A House of Representatives bill entitled as the “Close Annuity Loopholes in Medicaid Act” has been proposed earlier this month to reduce the benefits of an asset preservation strategy for a commonly used benefit of the “well” spouse in Medicaid planning when the ill spouse seeks Medicaid benefits to help pay for cost of care in a nursing home, assisted living facility or at home. This does not mean all annuities will be adversely affected (see additional article in this month’s Texas Elder Law E-letter entitled “Am I Killing the Goose that laid the Golden Egg? How tax-deferred annuities can be used in Texas in Retirement Accounts so that the Government pays for care costs”).

It appears the bill is aimed at the planning technique of purchasing a single premium immediate annuity in the name of the well spouse (hereinafter referred to as the “community spouse”) so that an otherwise “countable resource” becomes exempt pursuant to the terms of the Social Security Act which indicates that certain single premium immediate annuities are exempt from counting as a resource since the annuity cannot be cashed or sold and is merely an income stream.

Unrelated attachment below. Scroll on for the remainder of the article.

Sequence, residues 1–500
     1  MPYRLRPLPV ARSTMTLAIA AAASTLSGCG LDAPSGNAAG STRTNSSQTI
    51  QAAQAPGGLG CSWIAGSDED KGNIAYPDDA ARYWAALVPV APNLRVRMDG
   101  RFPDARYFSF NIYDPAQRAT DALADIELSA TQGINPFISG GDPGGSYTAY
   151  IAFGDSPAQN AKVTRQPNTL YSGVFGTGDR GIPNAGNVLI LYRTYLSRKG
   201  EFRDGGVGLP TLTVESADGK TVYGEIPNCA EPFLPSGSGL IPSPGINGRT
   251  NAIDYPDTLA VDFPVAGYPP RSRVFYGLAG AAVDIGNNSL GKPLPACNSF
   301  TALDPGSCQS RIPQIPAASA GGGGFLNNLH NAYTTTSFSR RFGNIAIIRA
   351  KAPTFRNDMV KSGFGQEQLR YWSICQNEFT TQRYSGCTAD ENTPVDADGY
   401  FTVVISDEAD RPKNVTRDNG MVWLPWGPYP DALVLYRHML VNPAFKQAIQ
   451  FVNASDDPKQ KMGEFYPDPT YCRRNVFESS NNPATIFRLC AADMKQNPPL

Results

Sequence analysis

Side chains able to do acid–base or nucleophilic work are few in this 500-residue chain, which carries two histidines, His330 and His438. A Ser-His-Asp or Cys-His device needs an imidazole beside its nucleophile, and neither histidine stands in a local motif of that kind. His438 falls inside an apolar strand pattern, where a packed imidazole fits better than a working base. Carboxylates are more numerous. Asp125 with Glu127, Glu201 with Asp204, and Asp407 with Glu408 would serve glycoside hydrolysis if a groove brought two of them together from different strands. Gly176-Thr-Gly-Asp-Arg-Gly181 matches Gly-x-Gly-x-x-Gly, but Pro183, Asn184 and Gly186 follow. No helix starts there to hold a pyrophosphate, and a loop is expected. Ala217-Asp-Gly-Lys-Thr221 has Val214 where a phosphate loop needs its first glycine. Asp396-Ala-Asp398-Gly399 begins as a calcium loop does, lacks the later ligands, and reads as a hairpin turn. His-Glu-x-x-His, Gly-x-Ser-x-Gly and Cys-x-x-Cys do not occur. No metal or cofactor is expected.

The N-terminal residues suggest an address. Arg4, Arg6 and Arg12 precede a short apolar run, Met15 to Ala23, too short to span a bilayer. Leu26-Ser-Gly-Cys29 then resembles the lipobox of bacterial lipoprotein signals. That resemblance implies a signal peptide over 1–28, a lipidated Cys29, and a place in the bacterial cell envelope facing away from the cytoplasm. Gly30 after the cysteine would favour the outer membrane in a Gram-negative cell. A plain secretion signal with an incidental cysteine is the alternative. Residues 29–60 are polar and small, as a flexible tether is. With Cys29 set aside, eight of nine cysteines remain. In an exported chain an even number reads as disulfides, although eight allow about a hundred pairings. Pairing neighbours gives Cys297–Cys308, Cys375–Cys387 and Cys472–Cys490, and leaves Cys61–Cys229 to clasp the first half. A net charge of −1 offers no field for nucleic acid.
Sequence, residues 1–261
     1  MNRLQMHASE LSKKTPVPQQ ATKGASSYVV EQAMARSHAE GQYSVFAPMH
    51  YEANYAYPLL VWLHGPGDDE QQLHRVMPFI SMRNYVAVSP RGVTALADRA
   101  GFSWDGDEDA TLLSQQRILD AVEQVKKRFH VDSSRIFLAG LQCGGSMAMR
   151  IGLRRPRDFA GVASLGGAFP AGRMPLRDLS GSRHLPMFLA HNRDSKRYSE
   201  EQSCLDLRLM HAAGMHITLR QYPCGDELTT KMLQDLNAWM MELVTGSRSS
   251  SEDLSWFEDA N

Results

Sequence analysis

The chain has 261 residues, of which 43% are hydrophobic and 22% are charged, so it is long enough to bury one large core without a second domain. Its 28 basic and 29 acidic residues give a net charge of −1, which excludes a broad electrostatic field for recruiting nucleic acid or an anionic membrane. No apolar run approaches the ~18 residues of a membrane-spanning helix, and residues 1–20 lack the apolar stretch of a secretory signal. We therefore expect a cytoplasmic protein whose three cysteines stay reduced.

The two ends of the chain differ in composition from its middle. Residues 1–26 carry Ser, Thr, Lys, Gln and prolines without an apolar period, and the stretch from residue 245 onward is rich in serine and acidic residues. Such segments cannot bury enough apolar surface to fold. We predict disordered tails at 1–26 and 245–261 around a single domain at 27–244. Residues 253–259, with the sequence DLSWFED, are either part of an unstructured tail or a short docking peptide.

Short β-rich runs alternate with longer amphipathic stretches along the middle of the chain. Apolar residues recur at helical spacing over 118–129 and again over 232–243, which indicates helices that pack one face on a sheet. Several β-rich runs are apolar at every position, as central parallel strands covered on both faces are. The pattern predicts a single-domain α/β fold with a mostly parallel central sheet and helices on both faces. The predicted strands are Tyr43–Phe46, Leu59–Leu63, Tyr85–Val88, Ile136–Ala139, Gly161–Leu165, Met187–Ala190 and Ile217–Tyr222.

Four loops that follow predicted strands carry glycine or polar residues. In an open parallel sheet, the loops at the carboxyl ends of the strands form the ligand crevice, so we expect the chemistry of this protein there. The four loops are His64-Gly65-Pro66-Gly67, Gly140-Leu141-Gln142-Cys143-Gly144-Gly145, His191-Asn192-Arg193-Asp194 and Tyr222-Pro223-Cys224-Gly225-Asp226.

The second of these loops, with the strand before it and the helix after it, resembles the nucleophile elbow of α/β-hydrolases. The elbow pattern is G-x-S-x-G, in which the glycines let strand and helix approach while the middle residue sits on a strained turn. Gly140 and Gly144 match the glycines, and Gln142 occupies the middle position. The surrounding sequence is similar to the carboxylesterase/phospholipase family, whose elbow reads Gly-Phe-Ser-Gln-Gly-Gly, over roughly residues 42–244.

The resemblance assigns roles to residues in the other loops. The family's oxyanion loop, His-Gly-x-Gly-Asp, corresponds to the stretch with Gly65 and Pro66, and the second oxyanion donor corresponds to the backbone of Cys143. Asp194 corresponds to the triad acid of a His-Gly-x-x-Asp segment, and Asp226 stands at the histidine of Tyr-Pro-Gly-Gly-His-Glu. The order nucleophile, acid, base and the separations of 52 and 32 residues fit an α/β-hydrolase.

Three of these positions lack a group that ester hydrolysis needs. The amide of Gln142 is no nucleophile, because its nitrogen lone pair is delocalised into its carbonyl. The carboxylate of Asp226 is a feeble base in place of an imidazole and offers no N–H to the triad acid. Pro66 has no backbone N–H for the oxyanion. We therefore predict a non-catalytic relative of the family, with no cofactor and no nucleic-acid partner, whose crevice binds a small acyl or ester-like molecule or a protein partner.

As an example of how this presently works, let’s say the husband is in a nursing home that costs $5,500 a month and his only income is Social Security which is $1,500 a month. If his wife also has Social Security of $1,500 per month and a pension or salary of $2,000 per month, then their income exceeds the limit (presently $302,250 per month) so that the most “countable” resources that the couple could have is $120,900 (this figure is generally adjusted annually). Thus, if the couple has $300,000 of countable resources, then the husband would not be eligible for Medicaid which would cost the couple an extra $4,000 a month ($5,500 for nursing home minus husband’s $1,500 of income since if there is Medicaid eligibility, then his share is generally his income) until the couple “spent down” their countable resources to $120,900. However, if the community spouse bought a single premium immediate annuity in the amount of $200,000 that complied with the present Medicaid rules, then there would only be $100,000 ($300,000 – $200,000) of countable resources (which is less than the maximum resource limit of $120,900) and there should be immediate Medicaid eligibility (assuming all other requirements are met) as of the first day of the next month, thus saving the extra $4,000 from having to be spent monthly on the cost of care. The rules permit the community spouse to keep all of her income. Thus, if the annuity paid her $5,000 a month, then under the present rules she could keep that $5,000 per month in addition to her Social Security ($1,500) pension or salary income ($2,000). So, in this example, the wife would have $100,000 of countable resources plus monthly income of $8,500 ($5,000 + $2,000 + $1,500) and only husband’s income ($1,500) would be paid to the nursing home as Medicaid would pay the cost of care over that amount. This would result in a $4,000 monthly savings ($5,500 – $1,500). However, if the new Congressional bill becomes law, then ½ of the annuity income (in our example, ½ of $5,000 = $2,500) would have to be paid to the nursing home in addition to his Social Security. So, if this bill passes, then the savings would only be $1,500 ($5,500 cost of nursing home – $1,500 husband’s Social Security – $2,500 representing ½ of wife’s annuity) instead of $4,000. This bill was proposed in a previous Congressional session, but it failed to pass. However, due to the recent election, passage is much more likely although this may be put on hold if Congress decides to do Medicaid block grants.

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